State IG: Department Did Not ‘Fully Assess Risks’ Of Civilian Casualties In Arms Sales

Secretary of State Mike Pompeo speaks during a news conference at the State Department on June 10, 2020. Photo by ANDREW HARNIK/POOL/AFP via Getty Images)

The State Department inspector general found in a report released Tuesday that the department did not “fully assess risks and implement mitigation measures to reduce civilian casualties and legal concerns” when it green-lit arms sales to Middle Eastern countries.

The report also found that Secretary of State Mike Pompeo did follow the law in his use of emergency powers, a point that State Department officials were eager to underscore in a press call Monday before the report’s release. Officials repeated many times that Pompeo’s actions were in “accordance with the law,” a preemptive spin that Rep. Elliot Engel (D-NY) called “directly from the Bill Barr playbook.”

Politico¬†obtained an unredacted version of the report, which suggests that Pompeo moved slowly, over weeks, to make the emergency declaration final. The public version, with the State Department’s redactions, makes the timeline seem much more condensed.

The IG investigation came at the behest of lawmakers who questioned Pompeo’s emergency declaration that allowed for the $8 billion sale to go ahead. Lawmakers had blocked some of the arms transfers out of concern that the weapons would be used on civilians.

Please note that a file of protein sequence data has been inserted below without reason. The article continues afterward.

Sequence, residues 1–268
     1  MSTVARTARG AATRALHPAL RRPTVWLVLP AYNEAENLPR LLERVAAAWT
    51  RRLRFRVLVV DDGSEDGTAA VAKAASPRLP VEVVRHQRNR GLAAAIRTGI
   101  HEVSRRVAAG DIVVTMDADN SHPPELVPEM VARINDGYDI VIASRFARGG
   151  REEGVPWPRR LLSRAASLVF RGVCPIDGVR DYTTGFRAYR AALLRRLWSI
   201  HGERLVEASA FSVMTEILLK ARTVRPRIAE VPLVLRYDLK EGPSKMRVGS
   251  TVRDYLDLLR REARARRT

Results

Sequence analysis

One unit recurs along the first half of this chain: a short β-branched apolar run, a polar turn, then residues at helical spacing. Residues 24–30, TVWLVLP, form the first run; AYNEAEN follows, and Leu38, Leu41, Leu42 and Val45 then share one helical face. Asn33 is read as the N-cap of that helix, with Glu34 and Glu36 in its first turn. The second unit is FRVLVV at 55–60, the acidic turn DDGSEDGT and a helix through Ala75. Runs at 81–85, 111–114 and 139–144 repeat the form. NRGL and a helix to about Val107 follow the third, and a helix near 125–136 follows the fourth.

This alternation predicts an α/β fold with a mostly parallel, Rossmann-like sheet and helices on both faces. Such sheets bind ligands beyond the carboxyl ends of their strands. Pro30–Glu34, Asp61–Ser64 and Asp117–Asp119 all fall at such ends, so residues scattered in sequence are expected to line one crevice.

Newsletters
Get TPM in your inbox, twice weekly.
Your subscription could not be saved. Please try again.
Your subscription has been successful.

The investigation received special attention after President Donald Trump, at Pompeo’s request, fired IG Steve Linick who was heading up the probe. Pompeo admitted that he responded to written questions pertaining to the investigation. The secretary has called Linick a “bad actor” and said he should have fired him “long ago,” though he denied that the firing was linked to the investigation.

After Linick’s ouster, Stephen Akard, an ally of Vice President Mike Pence, took over for about three months before he abruptly¬†resigned¬†last week. Diana Shaw, his deputy, has stepped into the role in an acting capacity.

Read the redacted report here:

Read the unredacted report here:

Latest News
Comments
Masthead Masthead
Founder & Editor-in-Chief:
Executive Editor:
Managing Editor:
Associate Editor:
Investigations Desk:
Reporters:
Newswriters:
Director of Audience:
Editor at Large:
General Counsel:
Publisher:
Head of Product:
Director of Technology:
Associate Publisher:
Front End Developer:
Senior Designer: